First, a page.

Drawing on skin pays

Tattoo artist Mxolisi Nyoka drawing on a clients skin.

Nyoka explains you have to be an open minded person to be in this career because it requires one to be very professional in “drawing the line” between business and pleasure.

According to Nyoka a tattoo artist has to be a polite individual who is careful and patient.

He advises high school students to take technical drawing, business studies and accounting for Grade 12.

A graphic design course, which is useful in this line of work, is a three year diploma course which can be attained at the Ekurhuleni East College, Benoni Campus.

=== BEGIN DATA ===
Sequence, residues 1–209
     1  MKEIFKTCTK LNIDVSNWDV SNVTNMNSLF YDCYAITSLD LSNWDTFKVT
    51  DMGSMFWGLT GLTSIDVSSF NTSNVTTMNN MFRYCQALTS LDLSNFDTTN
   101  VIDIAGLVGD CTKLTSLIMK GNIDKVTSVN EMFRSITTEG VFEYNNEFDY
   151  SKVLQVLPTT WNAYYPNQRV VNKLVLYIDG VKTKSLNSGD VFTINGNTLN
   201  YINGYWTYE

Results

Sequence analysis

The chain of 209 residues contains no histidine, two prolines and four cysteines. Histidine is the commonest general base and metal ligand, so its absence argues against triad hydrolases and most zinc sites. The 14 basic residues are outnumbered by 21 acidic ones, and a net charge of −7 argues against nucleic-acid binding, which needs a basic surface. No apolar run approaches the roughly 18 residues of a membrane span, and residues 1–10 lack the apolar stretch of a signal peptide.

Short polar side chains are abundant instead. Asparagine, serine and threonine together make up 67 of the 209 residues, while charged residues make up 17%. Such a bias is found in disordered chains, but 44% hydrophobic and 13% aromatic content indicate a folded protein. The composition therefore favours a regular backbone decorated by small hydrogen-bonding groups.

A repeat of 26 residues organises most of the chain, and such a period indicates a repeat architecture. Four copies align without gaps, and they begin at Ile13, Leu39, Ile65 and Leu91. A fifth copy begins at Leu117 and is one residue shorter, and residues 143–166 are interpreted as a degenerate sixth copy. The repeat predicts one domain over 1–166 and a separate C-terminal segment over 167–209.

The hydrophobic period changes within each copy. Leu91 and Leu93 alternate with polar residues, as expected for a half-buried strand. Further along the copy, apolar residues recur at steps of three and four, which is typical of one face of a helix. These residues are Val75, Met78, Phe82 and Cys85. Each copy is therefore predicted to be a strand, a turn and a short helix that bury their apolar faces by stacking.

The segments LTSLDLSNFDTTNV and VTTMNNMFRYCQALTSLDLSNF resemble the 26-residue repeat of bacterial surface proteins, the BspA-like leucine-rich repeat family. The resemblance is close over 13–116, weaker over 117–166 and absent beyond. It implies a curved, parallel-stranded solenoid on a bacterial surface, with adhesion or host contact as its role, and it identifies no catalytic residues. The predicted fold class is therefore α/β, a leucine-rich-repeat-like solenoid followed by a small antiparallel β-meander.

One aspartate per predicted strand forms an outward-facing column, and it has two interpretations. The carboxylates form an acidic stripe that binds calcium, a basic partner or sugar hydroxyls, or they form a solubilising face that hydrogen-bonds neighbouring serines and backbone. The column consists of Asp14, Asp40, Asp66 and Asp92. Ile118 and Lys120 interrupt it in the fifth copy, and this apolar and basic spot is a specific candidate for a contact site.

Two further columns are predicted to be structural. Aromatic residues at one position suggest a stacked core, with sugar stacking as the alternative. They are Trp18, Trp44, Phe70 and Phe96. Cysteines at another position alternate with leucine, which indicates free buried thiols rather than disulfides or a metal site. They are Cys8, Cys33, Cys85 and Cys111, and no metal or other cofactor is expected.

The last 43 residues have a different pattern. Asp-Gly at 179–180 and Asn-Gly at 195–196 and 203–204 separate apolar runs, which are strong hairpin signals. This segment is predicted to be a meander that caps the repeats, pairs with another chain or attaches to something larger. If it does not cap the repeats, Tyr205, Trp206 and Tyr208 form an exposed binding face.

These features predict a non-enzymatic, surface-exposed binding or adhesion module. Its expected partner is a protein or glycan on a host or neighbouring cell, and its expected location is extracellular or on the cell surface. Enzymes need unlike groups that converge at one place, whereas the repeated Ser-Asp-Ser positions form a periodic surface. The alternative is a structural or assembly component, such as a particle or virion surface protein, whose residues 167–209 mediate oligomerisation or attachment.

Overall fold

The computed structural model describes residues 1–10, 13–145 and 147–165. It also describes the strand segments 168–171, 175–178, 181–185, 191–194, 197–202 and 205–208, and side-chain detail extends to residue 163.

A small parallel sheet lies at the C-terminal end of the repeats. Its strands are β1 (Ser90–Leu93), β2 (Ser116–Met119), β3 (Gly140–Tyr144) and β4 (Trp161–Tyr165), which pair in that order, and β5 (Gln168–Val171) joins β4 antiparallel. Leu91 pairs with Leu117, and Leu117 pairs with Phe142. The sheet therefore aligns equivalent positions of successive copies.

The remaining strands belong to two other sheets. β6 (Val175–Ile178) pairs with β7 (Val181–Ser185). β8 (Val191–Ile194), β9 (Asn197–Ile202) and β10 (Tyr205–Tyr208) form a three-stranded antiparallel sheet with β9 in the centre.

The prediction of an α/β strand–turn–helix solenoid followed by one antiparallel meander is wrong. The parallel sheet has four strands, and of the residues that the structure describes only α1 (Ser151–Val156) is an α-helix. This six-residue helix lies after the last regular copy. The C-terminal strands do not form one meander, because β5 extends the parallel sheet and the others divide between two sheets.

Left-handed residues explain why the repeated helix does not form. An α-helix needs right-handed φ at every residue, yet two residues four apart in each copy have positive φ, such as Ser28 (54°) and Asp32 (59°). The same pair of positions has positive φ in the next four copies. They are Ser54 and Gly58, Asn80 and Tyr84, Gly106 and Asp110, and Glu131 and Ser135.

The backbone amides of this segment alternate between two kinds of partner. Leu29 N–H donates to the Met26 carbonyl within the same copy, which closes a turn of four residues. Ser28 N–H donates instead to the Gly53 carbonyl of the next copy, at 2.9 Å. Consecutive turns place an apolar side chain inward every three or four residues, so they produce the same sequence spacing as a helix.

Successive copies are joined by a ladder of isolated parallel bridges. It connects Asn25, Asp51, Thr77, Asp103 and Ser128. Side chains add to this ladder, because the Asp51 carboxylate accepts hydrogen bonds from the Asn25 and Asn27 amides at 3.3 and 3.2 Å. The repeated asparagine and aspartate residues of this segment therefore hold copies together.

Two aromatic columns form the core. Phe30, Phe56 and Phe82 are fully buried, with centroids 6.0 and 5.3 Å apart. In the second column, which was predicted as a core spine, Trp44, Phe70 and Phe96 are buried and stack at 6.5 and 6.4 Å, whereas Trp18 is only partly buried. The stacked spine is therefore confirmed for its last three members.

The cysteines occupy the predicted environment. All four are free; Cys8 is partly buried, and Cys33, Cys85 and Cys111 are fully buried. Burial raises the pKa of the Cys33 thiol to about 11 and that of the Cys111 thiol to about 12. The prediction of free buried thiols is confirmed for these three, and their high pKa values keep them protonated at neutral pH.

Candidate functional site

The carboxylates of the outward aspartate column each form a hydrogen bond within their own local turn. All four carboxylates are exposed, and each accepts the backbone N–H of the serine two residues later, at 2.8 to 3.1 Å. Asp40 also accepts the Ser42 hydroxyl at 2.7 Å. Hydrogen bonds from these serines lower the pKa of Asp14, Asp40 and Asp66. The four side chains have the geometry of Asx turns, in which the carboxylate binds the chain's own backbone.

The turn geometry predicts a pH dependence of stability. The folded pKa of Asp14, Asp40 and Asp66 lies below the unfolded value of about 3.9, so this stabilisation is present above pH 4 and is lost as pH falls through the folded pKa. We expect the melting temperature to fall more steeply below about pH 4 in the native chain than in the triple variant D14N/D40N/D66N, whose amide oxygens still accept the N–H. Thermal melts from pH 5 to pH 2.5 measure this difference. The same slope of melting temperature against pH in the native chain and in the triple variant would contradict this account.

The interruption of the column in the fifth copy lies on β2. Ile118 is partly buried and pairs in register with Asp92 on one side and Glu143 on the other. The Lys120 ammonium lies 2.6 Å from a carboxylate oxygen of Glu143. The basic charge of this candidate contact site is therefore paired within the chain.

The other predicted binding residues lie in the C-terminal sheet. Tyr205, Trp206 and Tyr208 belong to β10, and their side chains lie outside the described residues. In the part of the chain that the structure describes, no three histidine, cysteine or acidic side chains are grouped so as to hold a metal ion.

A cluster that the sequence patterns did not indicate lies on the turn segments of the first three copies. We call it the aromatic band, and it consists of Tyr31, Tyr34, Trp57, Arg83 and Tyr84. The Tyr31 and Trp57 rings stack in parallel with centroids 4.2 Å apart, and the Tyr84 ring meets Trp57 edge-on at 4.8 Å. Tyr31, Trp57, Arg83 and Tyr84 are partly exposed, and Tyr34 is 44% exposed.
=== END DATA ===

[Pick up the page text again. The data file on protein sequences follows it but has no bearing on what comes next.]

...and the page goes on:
Nyoka adds the course equips you with drawings skills and graphic skills which are needed in order to design a tattoo.

Once done studying graphic design one must do an internship with a professional tattoo artist with plenty of experience for at least six months.

According to Nyoka before opening up your studio, you must register under the Council for Piercing and Tattoo Professionals (CPTP) so your studio can strive to uphold a moral obligation to all clients.

“One can build a clientele by attending events and festivals involving tattoos and advertising yourself,” he says.

He says he decided to pursue this career because he loves to draw something that will be on someone else’s skin forever.

Nyoka explains the advantage of the career is your salary is coming in everyday while the disadvantage is waiting for clients who end up postponing at the last minute.

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